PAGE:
Maria Florea was born in Barcelona, 1993. She started her violin studies at the age of four with her father Cristian Florea, cellist and conductor of the Moldavian Chamber Orchestra.
She played her first concert with orchestra at the age of seven. She has studied with Gonçal Comellas, Stefan Gheorghiu and Adelina Oprean, and has also attended master classes with Ivry Gitlis, Maxim Vengerov, Eduard Schmieder, Pamela Frank, Yair Kless, Günther Pichler etc.
She attended the Reina Sofia Music School in Madrid, Spain from 2010 to 2014 under the guidance of violin professors Zakhar Bron and Yuri Volguin. She was also a member of the ‘Albeniz de Prosegur’ chamber music group with professors Heime Müller and Marta Gulyas. She was awarded the ‘Outstanding string quartet Award’ 2012-2013, given by Her Majesty the Queen of Spain.
Since 2014 she is a postgraduate student at the Royal Academy of Music, studying with professor Gyorgy Pauk.
She has performed as soloist in “Palau de la Musica Catalana” (Barcelona), Ateneu of Bucharest (Romania), Organ Hall (Republic of Moldova), Sala Thalia of Sibiu (Romania) among others and given recitals in many countries such as France, Germany, Switzerland, Austria, Romania, Republic of Moldova, Bulgaria, United Kingdom Poland and Spain.
She has received several prizes and awards in different competitions as ‘Jeunesses Musicales’ in Bucharest (Romania), ‘Paper de Musica’ (Barcelona), ‘Wieniawski Competition’ in Lublin (Poland), International Competition ‘Young Virtuosos’ in Sofia (Bulgaria), and she became a finalist of the ‘Parkhouse Award’ which took place at the Wigmore Hall of London.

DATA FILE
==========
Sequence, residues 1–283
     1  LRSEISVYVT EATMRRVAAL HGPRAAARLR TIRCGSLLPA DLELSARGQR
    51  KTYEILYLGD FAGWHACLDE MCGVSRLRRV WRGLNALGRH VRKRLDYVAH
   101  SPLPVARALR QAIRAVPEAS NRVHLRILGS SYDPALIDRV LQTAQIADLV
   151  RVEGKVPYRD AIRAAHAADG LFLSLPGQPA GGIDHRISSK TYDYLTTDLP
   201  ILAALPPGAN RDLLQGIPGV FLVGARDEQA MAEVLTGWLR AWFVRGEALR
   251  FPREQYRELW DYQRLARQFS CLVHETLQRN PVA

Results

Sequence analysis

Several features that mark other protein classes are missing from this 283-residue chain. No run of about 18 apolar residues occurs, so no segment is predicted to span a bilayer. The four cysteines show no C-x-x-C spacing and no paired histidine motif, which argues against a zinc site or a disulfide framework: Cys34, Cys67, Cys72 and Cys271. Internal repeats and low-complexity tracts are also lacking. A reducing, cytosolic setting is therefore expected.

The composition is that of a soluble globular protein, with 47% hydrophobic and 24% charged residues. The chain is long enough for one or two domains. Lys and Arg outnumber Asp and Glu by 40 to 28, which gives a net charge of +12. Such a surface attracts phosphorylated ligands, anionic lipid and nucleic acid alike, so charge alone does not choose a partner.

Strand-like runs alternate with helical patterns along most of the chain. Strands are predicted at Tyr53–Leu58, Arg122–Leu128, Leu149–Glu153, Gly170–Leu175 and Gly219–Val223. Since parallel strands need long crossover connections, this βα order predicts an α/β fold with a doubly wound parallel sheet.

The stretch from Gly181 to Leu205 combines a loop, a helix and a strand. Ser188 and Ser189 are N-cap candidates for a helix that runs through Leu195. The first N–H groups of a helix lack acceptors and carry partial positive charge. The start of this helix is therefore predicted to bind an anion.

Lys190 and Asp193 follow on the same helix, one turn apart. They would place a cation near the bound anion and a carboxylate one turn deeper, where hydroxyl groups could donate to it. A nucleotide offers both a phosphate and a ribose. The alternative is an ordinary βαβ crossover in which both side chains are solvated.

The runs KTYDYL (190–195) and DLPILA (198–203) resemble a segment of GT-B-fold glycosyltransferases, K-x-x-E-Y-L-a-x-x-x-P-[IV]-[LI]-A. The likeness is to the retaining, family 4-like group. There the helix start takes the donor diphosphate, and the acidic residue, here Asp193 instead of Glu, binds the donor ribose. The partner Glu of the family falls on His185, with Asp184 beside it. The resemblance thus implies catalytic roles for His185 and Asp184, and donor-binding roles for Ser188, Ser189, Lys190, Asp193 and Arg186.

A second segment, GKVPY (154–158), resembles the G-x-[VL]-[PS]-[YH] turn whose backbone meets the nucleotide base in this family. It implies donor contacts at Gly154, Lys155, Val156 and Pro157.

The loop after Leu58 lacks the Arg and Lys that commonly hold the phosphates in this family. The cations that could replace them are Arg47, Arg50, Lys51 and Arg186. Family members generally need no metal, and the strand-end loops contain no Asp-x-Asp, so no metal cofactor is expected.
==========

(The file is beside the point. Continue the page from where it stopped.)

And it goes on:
She has lately performed at St Mary’s Perivale Church and Trinity College of Cambridge, she has won the 1st Prize of the David Martin violin Concert Competition at the Royal Academy of Music and the 2nd Prize of the Concurso Permanente de Jóvenes Intérpretes in Spain.
Maria plays a Gennaro Gagliano (Naples 1780) on loan from the Royal Academy of Music.
You can listen to Maria on her website.
If you are interested in working with Maria, please get in touch with the EMCY Office.
J. S. Bach, Double concerto for two violins
J. S. Bach, Concerto in A minor
J. S. Bach, Concerto in E Major
B. Bartók, Violin concerto No. 2
L. V. Beethoven, Violin Concerto in D Major (Op. 61)
L. V. Beethoven, Triple Concerto for Violin, Violoncello and Piano
L. V. Beethoven, Romance in F Major (Op. 50)
J. Brahms, Violin Concerto in D Major (Op. 77)
J. Brahms, Double Concerto for Violin and Violoncello
M. Bruch, Violin Concerto in G minor, Op. 26
E. Chausson, Poème (Op. 25) G. Enescu, Romance
A. Glazunov, Violin Concerto in A minor (Op. 82)
E. Lalo, Symphonie Espagnole (Op. 21)
F. Mendelssohn-Bartholdy, Violin Concerto in E minor (Op. 64)
W. A. Mozart, Violin Concerto No. 1 in B flat Major, K. 207,
W. A. Mozart, Violin Concerto No. 3 in G Major, K. 216
W. A. Mozart, Violin Concerto No. 4 in D Major, K. 218
W. A. Mozart, Violin Concerto No. 5 in A Major, ‘Turkish’,
K. 219 S. Prokofiev, Violin Concerto No.1 (Op.19)
M. Ravel, Tzigane C. Saint-Saëns, Introduction and Rondo Capriccioso (Op. 28)
C. Saint-Saëns, Violin Concerto No. 3 in B minor (Op. 61)
J. Sibelius, Violin Concerto in D minor (Op. 47)
P. I. Tchaikovsky, Violin Concerto in D Major (Op. 35)
A. Vivaldi, Four seasons T. Vitali, Chaconne in G minor